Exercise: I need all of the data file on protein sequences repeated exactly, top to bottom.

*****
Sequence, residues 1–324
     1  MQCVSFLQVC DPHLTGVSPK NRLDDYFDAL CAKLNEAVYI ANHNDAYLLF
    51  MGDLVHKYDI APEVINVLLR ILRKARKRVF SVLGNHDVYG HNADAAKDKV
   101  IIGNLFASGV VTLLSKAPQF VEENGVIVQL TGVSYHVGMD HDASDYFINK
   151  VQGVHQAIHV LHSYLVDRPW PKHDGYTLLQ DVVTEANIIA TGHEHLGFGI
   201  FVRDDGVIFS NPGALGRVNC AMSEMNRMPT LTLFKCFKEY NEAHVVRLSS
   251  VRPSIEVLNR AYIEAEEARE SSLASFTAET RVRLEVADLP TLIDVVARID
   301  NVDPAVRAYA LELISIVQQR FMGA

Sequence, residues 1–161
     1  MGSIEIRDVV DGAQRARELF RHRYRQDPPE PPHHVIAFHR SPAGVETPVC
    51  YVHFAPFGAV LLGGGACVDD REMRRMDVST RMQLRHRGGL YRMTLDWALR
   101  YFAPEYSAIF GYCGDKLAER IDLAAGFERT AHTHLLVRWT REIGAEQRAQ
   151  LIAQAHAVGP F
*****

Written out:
Sequence, residues 1–324
     1  MQCVSFLQVC DPHLTGVSPK NRLDDYFDAL CAKLNEAVYI ANHNDAYLLF
    51  MGDLVHKYDI APEVINVLLR ILRKARKRVF SVLGNHDVYG HNADAAKDKV
   101  IIGNLFASGV VTLLSKAPQF VEENGVIVQL TGVSYHVGMD HDASDYFINK
   151  VQGVHQAIHV LHSYLVDRPW PKHDGYTLLQ DVVTEANIIA TGHEHLGFGI
   201  FVRDDGVIFS NPGALGRVNC AMSEMNRMPT LTLFKCFKEY NEAHVVRLSS
   251  VRPSIEVLNR AYIEAEEARE SSLASFTAET RVRLEVADLP TLIDVVARID
   301  NVDPAVRAYA LELISIVQQR FMGA

Sequence, residues 1–161
     1  MGSIEIRDVV DGAQRARELF RHRYRQDPPE PPHHVIAFHR SPAGVETPVC
    51  YVHFAPFGAV LLGGGACVDD REMRRMDVST RMQLRHRGGL YRMTLDWALR
   101  YFAPEYSAIF GYCGDKLAER IDLAAGFERT AHTHLLVRWT REIGAEQRAQ
   151  LIAQAHAVGP F